See all the different types of screws here.

3. Masonry Anchors

Especially if using the screw to hold anything with weight, using anchors is vital. It really is vital for most screws, even in drywall. I’ve had many a time where I said, screw it, and just drilling directly into the wall without an anchor.

Almost every time I regretted it later on, as whatever was hanging on that screw eventually tumbled to the ground.  Most masonry anchors work in one of two ways–either by expanding against the sides of the hole and gripping the concrete, or by friction against the sides of the hole.

Screw it Again Masonry Anchor - 10 Pack

Now that you have all your tools, it’s decision making time. Do you really need to drill into the brick? It can be a lot easier to drill into the mortar, and a lot easier to repair if anything does go wrong.

On the other hand, Brick usually holds better and supports more weight than mortar. Take your time and weigh out the ups and downs, and then once you have your decision, let’s get started!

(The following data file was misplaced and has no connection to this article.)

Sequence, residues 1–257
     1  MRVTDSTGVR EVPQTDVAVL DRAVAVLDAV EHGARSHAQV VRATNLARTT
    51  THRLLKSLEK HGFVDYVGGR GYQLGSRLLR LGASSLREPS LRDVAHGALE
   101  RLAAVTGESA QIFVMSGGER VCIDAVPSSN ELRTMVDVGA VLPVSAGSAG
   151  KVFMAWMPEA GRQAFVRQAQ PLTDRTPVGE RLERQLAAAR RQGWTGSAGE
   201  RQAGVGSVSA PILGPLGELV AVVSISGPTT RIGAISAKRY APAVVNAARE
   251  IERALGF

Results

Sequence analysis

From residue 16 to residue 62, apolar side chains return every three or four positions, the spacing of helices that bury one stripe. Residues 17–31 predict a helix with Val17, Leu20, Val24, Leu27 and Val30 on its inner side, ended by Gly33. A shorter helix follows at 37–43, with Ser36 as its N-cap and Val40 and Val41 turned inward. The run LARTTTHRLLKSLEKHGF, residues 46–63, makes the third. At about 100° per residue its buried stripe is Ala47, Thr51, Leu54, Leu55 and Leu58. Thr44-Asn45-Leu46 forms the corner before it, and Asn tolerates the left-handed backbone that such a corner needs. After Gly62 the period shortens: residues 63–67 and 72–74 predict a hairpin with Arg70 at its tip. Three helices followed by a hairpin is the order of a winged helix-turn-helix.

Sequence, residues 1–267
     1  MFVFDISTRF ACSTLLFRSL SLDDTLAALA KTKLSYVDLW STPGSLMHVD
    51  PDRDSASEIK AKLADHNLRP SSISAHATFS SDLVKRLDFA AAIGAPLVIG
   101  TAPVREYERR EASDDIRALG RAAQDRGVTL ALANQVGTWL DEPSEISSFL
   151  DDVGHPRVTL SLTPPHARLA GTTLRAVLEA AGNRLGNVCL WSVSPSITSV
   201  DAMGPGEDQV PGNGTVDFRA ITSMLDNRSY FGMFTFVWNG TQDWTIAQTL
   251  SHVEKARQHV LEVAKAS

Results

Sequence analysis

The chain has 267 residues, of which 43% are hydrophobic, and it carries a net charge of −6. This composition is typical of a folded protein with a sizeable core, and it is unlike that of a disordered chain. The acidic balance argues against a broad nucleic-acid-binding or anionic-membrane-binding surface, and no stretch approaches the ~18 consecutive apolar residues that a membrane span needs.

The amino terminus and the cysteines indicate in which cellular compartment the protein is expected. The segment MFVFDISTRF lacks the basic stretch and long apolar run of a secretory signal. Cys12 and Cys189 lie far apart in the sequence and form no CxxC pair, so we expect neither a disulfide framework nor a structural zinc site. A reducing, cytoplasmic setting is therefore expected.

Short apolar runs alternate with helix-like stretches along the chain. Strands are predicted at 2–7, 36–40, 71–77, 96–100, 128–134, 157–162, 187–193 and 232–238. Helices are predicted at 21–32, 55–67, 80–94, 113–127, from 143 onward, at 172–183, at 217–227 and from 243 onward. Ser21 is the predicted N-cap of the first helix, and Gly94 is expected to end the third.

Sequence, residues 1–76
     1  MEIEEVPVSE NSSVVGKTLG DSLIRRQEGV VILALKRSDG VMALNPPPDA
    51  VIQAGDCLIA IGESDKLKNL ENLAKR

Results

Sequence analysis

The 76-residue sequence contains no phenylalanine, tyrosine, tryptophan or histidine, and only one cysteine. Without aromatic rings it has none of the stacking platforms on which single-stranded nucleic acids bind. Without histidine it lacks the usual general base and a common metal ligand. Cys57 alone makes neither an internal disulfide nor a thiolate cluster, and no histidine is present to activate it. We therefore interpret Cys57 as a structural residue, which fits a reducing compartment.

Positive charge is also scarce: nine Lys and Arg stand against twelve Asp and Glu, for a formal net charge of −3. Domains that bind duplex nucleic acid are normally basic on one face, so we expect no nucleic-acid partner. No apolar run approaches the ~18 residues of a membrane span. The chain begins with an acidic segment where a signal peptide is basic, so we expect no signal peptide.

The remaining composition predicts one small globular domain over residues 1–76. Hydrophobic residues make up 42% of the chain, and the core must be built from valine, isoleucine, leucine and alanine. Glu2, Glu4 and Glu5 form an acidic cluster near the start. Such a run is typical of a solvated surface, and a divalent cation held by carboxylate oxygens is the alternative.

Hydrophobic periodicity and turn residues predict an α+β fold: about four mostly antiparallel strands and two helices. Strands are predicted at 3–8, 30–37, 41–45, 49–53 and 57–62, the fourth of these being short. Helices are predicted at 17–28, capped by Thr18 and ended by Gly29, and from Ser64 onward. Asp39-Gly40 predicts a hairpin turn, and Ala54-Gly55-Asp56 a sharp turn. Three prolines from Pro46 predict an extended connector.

Materials Needed

1. Permanent marker or pencil

To mark the spots where you will be drilling. This step is vital, and ensures you get it right the first time.

2. Tape measure

The tape measure helps if you want to measure the distance between points on the item you’re installing, and use that measurement to space the drill points.

3. Bubble level

A level is an essential tool, especially for any shelving: it makes sure that the line between two points creates an even surface, so nothing will go rolling off your shelf, or no painting will be hanging crooked.

4. Safety glasses

Keeping your eyes protected from the dust is important!

5. Dust mask

It’s been a global pandemic for over a year now, everyone has mask lying around. Just use your best, highest grade protection for this job!

6. Earplugs

This is optional, but could be useful, especially if you’re sensitive to noise.

7. Small shop vac